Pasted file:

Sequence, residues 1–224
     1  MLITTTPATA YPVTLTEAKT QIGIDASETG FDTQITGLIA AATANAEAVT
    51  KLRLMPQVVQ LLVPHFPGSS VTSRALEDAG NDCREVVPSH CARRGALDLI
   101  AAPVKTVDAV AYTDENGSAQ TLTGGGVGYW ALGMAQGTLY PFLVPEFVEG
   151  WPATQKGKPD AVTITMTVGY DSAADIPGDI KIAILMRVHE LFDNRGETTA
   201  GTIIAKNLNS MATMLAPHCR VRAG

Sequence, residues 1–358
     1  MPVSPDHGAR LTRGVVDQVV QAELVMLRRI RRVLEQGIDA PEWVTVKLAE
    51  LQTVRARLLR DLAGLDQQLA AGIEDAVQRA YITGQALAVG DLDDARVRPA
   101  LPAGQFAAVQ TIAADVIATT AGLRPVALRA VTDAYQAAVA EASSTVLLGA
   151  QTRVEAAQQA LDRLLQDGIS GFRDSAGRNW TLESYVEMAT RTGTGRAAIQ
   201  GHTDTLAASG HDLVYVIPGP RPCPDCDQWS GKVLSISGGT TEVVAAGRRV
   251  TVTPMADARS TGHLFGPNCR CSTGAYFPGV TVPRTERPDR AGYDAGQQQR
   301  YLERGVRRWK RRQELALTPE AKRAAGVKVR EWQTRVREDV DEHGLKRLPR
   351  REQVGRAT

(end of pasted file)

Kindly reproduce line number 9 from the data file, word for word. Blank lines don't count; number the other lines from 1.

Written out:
    51  LQTVRARLLR DLAGLDQQLA AGIEDAVQRA YITGQALAVG DLDDARVRPA